Positively Fifth Street Author James McManus Files Amicus Curiae Brief in DiCristina Case
Poker author and historian James McManus has filed an amicus curiae (“friend of the court”) brief in the ongoing case of United States v. DiCristina, the “skill game” case concerning poker which has now moved to a federal appellate court.
The brief, which McManus published today, strongly backs the initial ruling issued by Eastern District of New York Judge Jack Weinstein in the case. Last August, Weinstein ruled in favor of defendant Lawrence DiCristina, a New York operator of a private poker club, who defended himself against gambling-enterprise charges by asserting the defense that poker is a skill game and thus not covered under the Illegal Gambling Business Act (IGBA). IGBA, dating from 1970, is the law federal authorities used to attack DiCristina’s Staten Island game.
McManus’s effort is a departure from the standard amicus brief, drawing on his own extensive poker-history knowledge in offering a quick primer in the game’s two-hundred-year history to the appellate judges. In doing so, McManus also implies that prosecutors were “mistaken” in their attempt to shoehorn a poker business under IGBA’s reach.
McManus’s own claims to legitimacy in authoring such a brief are unique. The University of Chicago professor splashed onto the poker scene by finishing fifth in the WSOP Main Event after satelliting in while on assignment for Harper’s, then relayed that experience in a best-selling book, Positively Fifth Street: Murderers, Cheetahs, and Binion’s World Series of Poker.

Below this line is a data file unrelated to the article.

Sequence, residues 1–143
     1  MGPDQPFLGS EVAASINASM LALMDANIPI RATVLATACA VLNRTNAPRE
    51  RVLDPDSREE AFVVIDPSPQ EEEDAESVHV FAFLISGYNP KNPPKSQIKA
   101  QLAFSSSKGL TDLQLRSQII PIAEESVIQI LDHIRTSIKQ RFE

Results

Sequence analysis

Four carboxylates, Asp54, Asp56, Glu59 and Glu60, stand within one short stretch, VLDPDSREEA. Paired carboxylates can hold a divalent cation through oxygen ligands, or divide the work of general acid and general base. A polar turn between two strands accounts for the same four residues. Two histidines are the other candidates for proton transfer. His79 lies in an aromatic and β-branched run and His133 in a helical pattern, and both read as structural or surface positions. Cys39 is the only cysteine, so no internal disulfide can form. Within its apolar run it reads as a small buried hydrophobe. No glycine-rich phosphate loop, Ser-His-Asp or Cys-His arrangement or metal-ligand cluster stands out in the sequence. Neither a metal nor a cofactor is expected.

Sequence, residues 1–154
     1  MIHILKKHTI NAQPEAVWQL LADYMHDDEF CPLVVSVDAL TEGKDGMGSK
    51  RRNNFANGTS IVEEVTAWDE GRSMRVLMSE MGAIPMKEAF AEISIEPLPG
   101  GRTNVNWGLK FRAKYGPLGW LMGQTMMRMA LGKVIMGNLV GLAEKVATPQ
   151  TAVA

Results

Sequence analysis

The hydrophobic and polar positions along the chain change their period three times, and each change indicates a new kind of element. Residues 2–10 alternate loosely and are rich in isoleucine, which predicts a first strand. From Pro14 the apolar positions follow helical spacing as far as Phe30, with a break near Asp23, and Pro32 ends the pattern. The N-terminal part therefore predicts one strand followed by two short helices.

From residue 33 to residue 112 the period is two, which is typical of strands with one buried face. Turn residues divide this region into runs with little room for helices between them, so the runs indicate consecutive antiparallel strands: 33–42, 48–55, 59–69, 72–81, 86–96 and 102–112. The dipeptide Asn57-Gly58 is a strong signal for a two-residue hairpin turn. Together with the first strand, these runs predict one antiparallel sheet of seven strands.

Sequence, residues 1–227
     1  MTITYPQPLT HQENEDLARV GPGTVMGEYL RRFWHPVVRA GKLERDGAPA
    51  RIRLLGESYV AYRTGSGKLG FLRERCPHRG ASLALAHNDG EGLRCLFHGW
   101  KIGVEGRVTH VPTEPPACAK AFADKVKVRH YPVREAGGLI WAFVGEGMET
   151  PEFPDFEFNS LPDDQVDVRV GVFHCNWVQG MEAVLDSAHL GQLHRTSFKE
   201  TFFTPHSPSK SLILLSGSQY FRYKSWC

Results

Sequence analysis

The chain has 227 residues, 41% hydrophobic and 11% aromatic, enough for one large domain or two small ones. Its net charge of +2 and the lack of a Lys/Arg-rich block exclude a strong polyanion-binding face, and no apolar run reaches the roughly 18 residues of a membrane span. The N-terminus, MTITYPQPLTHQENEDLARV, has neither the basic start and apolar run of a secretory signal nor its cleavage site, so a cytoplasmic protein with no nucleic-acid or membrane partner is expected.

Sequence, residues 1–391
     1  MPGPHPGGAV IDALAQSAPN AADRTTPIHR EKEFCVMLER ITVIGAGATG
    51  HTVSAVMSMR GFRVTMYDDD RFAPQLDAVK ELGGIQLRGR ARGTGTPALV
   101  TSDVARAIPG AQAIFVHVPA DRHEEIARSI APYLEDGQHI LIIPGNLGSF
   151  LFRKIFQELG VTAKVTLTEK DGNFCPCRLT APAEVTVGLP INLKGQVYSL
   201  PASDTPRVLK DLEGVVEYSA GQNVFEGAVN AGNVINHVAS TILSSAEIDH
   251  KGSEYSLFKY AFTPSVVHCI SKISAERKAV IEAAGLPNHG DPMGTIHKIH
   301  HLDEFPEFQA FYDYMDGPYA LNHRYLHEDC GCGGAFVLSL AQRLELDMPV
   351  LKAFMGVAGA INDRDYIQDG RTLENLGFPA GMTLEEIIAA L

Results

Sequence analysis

McManus parlayed Positively Fifth Street‘s success into a secondary career as a poker writer, and his extensive research into poker’s history led to one of the game’s most comprehensive works in that regard, Cowboys Full: The Story of Poker.
After providing the court with a comprehensive history lesson about poker, its society role and its enjoyment by past political figures (which is nice and showy but perhaps irrelevant in the legal sense), the meat of McManus’s amicus brief claims that IGBA was quite intentionally never designed to cover poker, since poker differs in important ways from the racketeering-controlled games targeted in 1970, when IGBA was passed.
McManus also makes a strong case that legislators understood full well the importance and general societal role of poker, then and now, and that given poker’s prominence, its omission from all aspects of IGBA must be taken as intentional.
Wrote McManus, “The games enumerated in the IGBA are simple, house-banked games of chance that were of particular concern to Congress because of their significant connection to organized crime. Congress would have had no reason to include poker, the “national game,” on such a list—and certainly would not have done so sub silentio.”
The nine games specified in 1970’s IGBA are “pool-selling, bookmaking, maintaining slot machines, roulette wheels or dice tables, and conducting lotteries, policy, bolita or numbers games, or selling chances therein” — all defined as “gambling” under the statute.
McManus also noted that the Wire Act and the Wagering Paraphernalia Act, similar laws that also sought to attack rackets-controlled games, also failed to mention poker.
McManus also detailed the differences between poker as player-banked game and the house-banked nature of all the games included in IGBA, writing, “Because it is not house-banked, poker lacks a characteristic fundamental to the games enumerated in the IGBA. The house merely offers a service to players by providing the facility, tables, cards, and chips.”
McManus even cited a different Ninth District from 1970, United States v. Roselli, as additional evidence of the IGBA crafters’ real intent, writing, “Given the well-defined differences between poker and forms of gambling long preferred by organized crime, it comes as no surprise that the Ninth Circuit in a case decided contemporaneously with the enactment of the IGBA stated that poker is not “the kind of game traditionally associated with organized crime…”